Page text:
Ferro: Focused on materials
While Ferro has become a leading supplier of materials to the thick film photovoltaics industry, Ferro knows widespread photovoltaic power generation will occur once grid parity is achieved and exceeded for all PV systems. The PV industry has long-recognized the dramatic effect that long-term outdoor exposure to harsh environments has had on module performance and lifetime. Because module failures and performance losses are the result of gradual accumulated degradation and corrosion, researchers at Ferro ECGM have spent much of the past year working to revolutionize solar module durability by taking the harsh environment out of the equation.
Ferro has recently commenced several large-scale projects to develop and commercialize materials that will strengthen solar modules at lower costs, thereby significantly reducing the Levelized Cost of Energy (LCOE). Ferro is currently partnering with Edison Welding Institute, StrateNexus Technologies, and The Ohio State University to develop and commercialize advanced durability sealing systems for solar cells. In this project, Ferro is engineering a vitreous frit system to provide reliable air-tight and water-tight seals for second and third generation thin-film solar cells. Ferro is also in the early stages of a project that will drastically improve encapsulation systems by developing and commercializing a high performance glass filled barrier coating. This coating will not only strengthen solar modules, but it will increase throughput by requiring less capital and less labor intensive methods.
Ferro’s contributions to the industry and innovative ideas have also been recognized by the Oak Ridge National Laboratory (ORNL), as they are currently collaborating to develop inks and pastes to be used for highly conductive layers in thin-film solar cell applications. Further, in March of 2011, Ferro reiterated its commitment to improving PV technology by opening a solar test lab in Taiwan to facilitate rapid product development for the country’s multitude of solar panel producers.
Astronergy: A thin film first in China
Astronergy deserves special recognition as the first large-scale producer of high-efficiency thin film PV modules in mainland China. “Since our founding in 2006, we have continuously created value for our partners and our customers, through the production of high-efficiency, clean renewable energy. “In 2009, we led mainland China in the manufacture of high-efficiency thin film PV modules, in addition to our exploration in the applications of building integrated photovoltaics (BIPV),” notes president and CEO Dr. Liyou Yang. “Utilizing manufacturing execution system (MES) and statistical process control (SPC) for quality management allows us to maintain the highest quality standards. Our large-scale construction efforts include Zhejiang Province’s first 2 MW rooftop solar installation, and a 10MW large-scale solar power station in Ningxia Autonomous Region, both already connected to the grid.”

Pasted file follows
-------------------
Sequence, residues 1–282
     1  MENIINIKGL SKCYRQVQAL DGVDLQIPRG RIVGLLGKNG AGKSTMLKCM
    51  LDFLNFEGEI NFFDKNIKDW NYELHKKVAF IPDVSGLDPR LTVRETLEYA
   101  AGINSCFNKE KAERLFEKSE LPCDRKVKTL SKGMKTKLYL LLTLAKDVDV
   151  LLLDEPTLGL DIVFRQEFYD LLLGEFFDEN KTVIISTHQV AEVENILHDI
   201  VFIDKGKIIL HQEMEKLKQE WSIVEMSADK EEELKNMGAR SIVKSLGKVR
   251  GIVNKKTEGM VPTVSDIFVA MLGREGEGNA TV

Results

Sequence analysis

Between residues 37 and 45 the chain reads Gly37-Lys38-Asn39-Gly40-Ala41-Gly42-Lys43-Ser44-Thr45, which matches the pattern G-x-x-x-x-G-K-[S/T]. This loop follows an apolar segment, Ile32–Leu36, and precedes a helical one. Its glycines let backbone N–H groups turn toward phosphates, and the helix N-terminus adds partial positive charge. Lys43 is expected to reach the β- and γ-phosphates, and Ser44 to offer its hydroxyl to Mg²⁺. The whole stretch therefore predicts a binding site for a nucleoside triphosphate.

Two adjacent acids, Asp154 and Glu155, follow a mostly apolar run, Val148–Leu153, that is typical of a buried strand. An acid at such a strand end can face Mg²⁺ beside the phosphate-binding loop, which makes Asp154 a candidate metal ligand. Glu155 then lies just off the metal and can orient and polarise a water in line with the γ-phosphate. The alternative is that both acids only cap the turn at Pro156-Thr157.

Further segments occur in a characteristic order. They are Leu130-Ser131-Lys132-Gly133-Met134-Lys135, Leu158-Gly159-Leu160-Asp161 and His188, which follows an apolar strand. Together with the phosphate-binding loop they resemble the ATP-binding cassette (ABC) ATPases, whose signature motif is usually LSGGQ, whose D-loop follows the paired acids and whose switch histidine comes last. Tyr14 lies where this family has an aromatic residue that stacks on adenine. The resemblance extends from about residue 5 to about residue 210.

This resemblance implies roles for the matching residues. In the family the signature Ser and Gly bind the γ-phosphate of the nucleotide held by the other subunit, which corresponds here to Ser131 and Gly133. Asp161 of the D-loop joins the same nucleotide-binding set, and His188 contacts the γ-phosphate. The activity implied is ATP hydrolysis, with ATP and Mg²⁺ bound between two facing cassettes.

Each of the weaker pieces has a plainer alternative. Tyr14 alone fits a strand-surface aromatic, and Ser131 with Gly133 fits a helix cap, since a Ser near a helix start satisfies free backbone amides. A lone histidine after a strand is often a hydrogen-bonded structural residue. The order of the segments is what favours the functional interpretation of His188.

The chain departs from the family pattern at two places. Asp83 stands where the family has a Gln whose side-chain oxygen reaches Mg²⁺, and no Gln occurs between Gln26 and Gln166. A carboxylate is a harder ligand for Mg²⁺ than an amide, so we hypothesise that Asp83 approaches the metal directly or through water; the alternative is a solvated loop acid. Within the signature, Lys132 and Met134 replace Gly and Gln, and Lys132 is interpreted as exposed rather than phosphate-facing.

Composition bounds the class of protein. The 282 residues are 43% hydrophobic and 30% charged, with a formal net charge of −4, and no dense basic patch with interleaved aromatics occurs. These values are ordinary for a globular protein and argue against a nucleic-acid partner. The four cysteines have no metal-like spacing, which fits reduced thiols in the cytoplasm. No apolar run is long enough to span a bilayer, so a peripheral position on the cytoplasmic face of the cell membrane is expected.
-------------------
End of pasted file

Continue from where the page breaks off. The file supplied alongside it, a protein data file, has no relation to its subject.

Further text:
Thin film experts at Astronergy have brought the company’s a-Si /µc-Si thin film PV to an efficiency rate of greater than 9%. Astronergy is also a provider of monocrystalline modules and polycrystalline modules, and, in collaboration with its parent company, the Chint Group, BOS components including inverters, array combiner boxes, DC protection, AC protection, and transformers.
Heliatek: Heading from the lab to the fab
Heliatek is entirely focused on organic solar cells based on oligomers. Founded in 2006 as a spin-off of the Technical University of Dresden and the University of Ulm, Heliatek uses proprietary tandem technology to develop organic solar cells from “small molecules” – organic dyes chemically synthesized from hydrocarbons. In October 2010, Heliatek set a certified record efficiency of 8.3% for its solar cells. Heliatek is currently undergoing the transition from lab to fab, first flexible modules will be available in fall 2012. The company has 70 employees and has secured renown investors, e.g. BASF, Bosch, RWE and Wellington Partners.
Starting in 2012, the modules will be produced in a roll-to-roll process, PET film serves as a substrate, similar to the PET used for plastic bottles. The organic, flexible modules will allow for a wide range of applications due to its outstanding design and performance parameters:
- Various module dimensions possible
- Modules can be produced translucent
- Extremely lightweight (0.7 kg/m²)
- Thin and flexible with a homogenous surface
- Highly efficient (certified 8.3 percent for an active area of1.1 cm²)
- Outstanding low light performance and no minimum incident angle required
- No efficiency loss with rising temperatures (zero temperature coefficient)
- Built of abundant, fully organic raw materials, no heavy metals within the cells
- Very short energy payback time: little material and energy input during production
Possible future applications include: Glass-integrated modules with a variety of colors and translucence, allowing for discreet and elegant design – perfect for BIPV or automotive applications; Flexible, lightweight modules that can be used for PV installations on flat roofs with low load-bearing capacities or for any other area where traditional modules cannot be applied; and lightweight modules for stand-alone PV systems in sunbelt regions and for rural electrification – applications where modules need to be break-proof, easy to transport and are exposed to hot temperatures.